Research article | Open | Open Peer Review | Published:
Does the Swedish Interactive Threshold Algorithm (SITA) accurately map visual field loss attributed to vigabatrin?
BMC Ophthalmologyvolume 14, Article number: 166 (2014)
Vigabatrin (VGB) is an anti-epileptic medication which has been linked to peripheral constriction of the visual field. Documenting the natural history associated with continued VGB exposure is important when making decisions about the risk and benefits associated with the treatment. Due to its speed the Swedish Interactive Threshold Algorithm (SITA) has become the algorithm of choice when carrying out Full Threshold automated static perimetry. SITA uses prior distributions of normal and glaucomatous visual field behaviour to estimate threshold sensitivity. As the abnormal model is based on glaucomatous behaviour this algorithm has not been validated for VGB recipients. We aim to assess the clinical utility of the SITA algorithm for accurately mapping VGB attributed field loss.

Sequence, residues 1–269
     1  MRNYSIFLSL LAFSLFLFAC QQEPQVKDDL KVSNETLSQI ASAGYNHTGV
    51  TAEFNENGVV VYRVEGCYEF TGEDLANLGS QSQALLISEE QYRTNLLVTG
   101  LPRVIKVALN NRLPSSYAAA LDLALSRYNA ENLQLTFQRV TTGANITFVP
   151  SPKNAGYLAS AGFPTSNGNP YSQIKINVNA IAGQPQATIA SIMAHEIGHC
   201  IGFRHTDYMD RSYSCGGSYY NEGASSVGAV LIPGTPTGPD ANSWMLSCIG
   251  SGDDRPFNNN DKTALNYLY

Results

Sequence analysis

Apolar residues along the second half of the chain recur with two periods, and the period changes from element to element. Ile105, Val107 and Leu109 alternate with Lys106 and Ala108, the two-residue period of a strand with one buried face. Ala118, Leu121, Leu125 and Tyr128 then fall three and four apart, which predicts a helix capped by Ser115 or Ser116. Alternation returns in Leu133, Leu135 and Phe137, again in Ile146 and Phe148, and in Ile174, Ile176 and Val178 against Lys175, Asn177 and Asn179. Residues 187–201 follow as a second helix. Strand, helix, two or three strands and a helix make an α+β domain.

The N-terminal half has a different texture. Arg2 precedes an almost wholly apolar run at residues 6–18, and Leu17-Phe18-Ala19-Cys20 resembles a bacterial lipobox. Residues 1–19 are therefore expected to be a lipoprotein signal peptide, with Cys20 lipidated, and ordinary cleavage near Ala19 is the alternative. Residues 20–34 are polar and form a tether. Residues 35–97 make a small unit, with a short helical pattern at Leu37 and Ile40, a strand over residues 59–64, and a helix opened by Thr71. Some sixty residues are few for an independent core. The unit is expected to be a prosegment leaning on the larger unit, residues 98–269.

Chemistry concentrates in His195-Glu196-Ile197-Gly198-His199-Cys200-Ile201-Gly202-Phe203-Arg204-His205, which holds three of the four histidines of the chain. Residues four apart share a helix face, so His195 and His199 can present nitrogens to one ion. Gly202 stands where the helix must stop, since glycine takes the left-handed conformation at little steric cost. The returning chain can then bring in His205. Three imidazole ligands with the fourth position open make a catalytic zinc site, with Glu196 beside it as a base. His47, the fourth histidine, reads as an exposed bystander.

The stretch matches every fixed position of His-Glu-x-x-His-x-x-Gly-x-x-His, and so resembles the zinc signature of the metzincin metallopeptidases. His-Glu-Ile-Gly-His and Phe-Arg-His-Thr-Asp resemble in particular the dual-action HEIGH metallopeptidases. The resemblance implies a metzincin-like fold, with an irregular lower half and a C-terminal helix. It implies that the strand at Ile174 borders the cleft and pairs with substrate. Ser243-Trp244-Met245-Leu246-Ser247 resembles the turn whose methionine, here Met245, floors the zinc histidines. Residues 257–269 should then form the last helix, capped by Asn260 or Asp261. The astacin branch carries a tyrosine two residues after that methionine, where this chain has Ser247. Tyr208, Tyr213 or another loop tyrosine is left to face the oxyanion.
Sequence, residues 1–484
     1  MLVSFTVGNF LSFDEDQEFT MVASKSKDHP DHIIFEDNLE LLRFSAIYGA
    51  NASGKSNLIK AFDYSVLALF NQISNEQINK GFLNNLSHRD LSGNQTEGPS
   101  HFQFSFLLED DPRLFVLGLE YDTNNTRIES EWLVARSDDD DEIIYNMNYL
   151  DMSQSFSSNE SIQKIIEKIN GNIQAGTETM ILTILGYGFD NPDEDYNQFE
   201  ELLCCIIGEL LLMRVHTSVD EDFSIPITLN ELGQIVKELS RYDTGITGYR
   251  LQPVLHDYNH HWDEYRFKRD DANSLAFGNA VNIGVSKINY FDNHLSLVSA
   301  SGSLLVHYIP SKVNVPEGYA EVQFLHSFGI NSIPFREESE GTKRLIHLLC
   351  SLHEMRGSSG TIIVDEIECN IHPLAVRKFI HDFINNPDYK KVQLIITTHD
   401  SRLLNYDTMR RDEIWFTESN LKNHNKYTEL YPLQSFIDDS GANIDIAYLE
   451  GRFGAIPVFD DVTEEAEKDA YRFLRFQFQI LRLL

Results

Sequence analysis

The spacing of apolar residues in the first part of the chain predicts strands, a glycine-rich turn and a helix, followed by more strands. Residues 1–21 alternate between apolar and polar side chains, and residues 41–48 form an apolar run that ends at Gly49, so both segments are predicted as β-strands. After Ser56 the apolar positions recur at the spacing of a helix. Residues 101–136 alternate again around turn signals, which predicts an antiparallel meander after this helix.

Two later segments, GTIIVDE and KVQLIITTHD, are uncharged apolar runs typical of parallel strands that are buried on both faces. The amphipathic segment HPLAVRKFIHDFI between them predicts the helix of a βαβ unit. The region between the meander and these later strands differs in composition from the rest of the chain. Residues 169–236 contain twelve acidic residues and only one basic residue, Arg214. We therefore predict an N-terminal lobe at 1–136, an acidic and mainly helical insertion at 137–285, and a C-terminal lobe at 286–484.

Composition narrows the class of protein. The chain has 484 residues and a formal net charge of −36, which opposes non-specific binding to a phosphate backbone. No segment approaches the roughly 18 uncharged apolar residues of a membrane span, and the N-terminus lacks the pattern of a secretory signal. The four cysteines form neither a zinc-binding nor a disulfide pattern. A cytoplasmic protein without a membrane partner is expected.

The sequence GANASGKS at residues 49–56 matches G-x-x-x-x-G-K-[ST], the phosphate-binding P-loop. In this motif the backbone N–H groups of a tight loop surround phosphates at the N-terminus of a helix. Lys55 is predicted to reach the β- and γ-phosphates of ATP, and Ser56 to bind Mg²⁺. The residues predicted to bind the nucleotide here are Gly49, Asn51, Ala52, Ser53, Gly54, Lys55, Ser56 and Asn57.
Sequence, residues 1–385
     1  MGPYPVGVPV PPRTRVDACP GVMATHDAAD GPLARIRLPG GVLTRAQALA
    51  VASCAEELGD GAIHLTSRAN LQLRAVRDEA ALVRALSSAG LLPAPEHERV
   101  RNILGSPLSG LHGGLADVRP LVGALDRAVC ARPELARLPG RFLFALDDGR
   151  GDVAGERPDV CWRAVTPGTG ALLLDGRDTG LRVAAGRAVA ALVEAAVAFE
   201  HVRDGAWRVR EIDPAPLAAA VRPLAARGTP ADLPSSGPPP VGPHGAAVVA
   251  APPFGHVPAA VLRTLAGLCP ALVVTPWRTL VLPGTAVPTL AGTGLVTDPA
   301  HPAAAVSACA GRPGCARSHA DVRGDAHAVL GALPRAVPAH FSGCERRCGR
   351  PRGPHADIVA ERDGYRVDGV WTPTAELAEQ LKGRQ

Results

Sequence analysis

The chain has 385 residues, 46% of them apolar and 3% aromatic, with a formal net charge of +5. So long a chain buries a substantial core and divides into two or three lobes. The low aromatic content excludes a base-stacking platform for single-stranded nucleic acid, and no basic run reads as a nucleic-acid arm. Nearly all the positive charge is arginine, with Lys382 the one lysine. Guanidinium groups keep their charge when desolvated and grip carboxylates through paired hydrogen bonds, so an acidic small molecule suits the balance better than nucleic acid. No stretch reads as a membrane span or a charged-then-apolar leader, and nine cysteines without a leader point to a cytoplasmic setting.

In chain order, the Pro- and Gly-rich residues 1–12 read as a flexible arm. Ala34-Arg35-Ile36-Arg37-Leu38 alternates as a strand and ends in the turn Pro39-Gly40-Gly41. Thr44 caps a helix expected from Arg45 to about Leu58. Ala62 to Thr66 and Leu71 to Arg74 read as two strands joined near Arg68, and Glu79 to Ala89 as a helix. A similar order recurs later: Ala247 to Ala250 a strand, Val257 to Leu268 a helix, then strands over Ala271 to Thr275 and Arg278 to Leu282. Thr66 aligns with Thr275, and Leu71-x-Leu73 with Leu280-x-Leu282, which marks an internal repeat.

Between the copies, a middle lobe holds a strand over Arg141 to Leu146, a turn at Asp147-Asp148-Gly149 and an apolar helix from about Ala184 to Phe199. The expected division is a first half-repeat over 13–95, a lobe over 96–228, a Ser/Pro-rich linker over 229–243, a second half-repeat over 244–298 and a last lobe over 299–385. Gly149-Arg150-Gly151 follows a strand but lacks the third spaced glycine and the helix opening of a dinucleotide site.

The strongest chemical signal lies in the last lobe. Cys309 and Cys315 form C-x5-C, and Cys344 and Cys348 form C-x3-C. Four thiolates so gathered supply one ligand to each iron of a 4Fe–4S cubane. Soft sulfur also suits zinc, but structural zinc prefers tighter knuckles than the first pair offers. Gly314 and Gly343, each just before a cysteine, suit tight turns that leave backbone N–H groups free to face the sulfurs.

The sample comprised one randomly selected eye of 16 patients diagnosed with epilepsy, exposed to VGB therapy. A clinical diagnosis of VGB attributed visual field loss was documented in 44% of the group. The mean age was 39.3 years ± 14.5 years and the mean deviation was -4.76 dB ±4.34 dB. Each patient was examined with the Full Threshold, SITA Standard and SITA Fast algorithm.
SITA Standard was on average approximately twice as fast (7.6 minutes) and SITA Fast approximately 3 times as fast (4.7 minutes) as examinations completed using the Full Threshold algorithm (15.8 minutes). In the clinical environment, the visual field outcome with both SITA algorithms was equivalent to visual field examination using the Full Threshold algorithm in terms of visual inspection of the grey scale plots , defect area and defect severity.